Whole Lot of Hullabaloo: A Twenty-First Century Campus Phantasmagoria

Whole Lot of Hullabaloo: A Twenty-First Century Campus Phantasmagoria by [Christopher Fried]

President Sam Castle dreams of making his third year in charge at Central Ohio University the best yet. But right off the bat, he’s hit by a flurry of events that threaten to sink his boat before it sails on its third voyage. His trials begin with his risky decision to take on a new faculty member laden with controversies. As he tries to defend his decision before the College Board of trustees, he feels relations fraying with his wife, who is away in Tokyo. He’s soon faced with another dicey situation that looks to mar his tenure. Ian, a free-spirited sophomore, dons a Halloween costume that lands him in hot water with the school’s black community and its outside allies. It seems Castle has to make an example out of the boy or risk ruining the school’s reputation. This is not the third year he envisaged. It’s left to be seen if Castle will come out of this in one piece and with the college still standing.

Christopher Fried’s Whole Lot of Hullabaloo is true to its name. It’s a journey into campus life marked by the raucous you’d expect in a relationship between pompous academics, politicking admins, exuberant youth, and the sometimes meddlesome outside world.

The emotional rollercoaster Fried takes readers on keeps things interesting. One moment you’re feeling sorry for someone, the next, you’re shaking your fists at another character’s action in righteous indignation. There’s also a nice dose of silliness that will make you chuckle from time to time.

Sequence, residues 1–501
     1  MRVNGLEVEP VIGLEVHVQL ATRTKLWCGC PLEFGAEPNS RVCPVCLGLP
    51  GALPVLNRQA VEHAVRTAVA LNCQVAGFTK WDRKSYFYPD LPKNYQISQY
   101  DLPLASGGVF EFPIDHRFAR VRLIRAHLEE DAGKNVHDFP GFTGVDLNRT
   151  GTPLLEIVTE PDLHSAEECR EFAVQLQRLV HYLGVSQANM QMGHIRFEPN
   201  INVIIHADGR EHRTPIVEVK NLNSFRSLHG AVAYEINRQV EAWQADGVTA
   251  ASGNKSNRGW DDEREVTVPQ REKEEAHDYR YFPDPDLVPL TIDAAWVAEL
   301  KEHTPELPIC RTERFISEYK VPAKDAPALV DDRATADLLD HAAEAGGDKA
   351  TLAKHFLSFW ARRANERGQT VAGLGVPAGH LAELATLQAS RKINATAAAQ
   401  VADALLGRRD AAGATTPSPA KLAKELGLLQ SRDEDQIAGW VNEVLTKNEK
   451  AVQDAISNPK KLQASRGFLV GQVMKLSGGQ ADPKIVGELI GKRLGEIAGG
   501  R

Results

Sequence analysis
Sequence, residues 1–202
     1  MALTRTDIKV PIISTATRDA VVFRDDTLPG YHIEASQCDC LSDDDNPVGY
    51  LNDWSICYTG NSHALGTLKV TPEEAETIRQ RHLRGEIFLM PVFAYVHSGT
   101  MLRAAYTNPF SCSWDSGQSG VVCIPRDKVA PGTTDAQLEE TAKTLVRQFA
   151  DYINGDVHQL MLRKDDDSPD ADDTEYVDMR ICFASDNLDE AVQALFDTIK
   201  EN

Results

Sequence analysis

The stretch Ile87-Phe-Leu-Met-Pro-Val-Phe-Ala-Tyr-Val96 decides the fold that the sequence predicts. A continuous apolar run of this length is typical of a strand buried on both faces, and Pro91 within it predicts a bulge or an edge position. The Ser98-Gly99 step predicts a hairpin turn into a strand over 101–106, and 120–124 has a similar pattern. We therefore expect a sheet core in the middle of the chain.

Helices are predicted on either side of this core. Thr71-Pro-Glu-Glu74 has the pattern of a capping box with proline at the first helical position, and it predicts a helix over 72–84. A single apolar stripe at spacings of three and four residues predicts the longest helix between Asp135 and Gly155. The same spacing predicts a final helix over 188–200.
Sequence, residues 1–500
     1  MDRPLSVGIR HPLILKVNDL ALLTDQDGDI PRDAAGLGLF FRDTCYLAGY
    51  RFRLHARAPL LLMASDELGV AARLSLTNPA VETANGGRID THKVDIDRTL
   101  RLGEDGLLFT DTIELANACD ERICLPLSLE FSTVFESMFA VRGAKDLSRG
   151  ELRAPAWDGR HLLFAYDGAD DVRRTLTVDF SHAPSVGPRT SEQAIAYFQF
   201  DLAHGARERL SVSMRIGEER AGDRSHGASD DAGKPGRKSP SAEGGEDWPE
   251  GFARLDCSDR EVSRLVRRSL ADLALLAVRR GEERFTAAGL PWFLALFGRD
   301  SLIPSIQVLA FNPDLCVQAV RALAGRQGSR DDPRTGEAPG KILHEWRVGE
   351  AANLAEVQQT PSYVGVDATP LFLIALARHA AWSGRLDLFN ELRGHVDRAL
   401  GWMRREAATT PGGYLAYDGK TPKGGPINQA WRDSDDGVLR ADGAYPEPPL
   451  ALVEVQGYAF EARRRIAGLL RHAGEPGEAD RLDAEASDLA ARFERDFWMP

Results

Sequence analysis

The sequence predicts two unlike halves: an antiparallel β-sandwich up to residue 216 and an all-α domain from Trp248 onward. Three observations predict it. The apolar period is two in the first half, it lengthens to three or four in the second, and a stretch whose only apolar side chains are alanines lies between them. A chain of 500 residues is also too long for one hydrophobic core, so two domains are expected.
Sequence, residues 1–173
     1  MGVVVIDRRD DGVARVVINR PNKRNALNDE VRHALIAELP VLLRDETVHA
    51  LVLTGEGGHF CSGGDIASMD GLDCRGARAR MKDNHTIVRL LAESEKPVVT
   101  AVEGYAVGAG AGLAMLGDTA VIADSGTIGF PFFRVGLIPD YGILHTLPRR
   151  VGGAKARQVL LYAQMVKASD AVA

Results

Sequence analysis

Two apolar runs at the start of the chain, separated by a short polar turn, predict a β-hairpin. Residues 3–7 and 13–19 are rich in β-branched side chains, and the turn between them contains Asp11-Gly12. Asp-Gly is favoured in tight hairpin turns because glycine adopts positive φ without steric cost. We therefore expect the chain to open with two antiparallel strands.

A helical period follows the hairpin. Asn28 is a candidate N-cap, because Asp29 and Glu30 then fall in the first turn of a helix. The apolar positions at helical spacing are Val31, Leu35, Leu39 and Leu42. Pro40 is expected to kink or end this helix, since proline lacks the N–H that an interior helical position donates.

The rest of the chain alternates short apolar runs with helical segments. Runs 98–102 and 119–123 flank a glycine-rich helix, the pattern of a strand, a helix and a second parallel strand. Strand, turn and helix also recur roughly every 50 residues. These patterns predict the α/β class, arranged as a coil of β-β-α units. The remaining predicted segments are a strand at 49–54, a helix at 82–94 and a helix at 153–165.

I liked how Fried wraps his thoughts in an amusing tale. His serious themes shine through alright. But instead of weighing you down, they give you critical things to mull over.

The book touches on issues like some people using societal checks and balances to exert injustice and weaponizing public uproar for their selfish interests. Maybe this would be a lot harder if the public wasn’t so inclined to lynch reported culprits of social injustices without first doing its due diligence. But that’s just me thinking out loud.

Fried also addresses our tendency to lean into extremes. On the one hand, we can be so lax about social issues like racism that they go unchecked. On the other hand, we can blow them out of proportion and try to trace every societal ill to them somehow. Fried’s issue is with the latter.

Whole Lot of Hullabaloo is a quick and easy read that is as entertaining as it is thought-provoking.

Pages: 198 | ASIN: B08LBT4FB3

Buy Now From B&N.com

 

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Posted on April 29, 2021, in Book Reviews, Five Stars and tagged , , , , , , , , , , , , , , , , , , , , , , , , , , , , , . Bookmark the permalink. Leave a comment.

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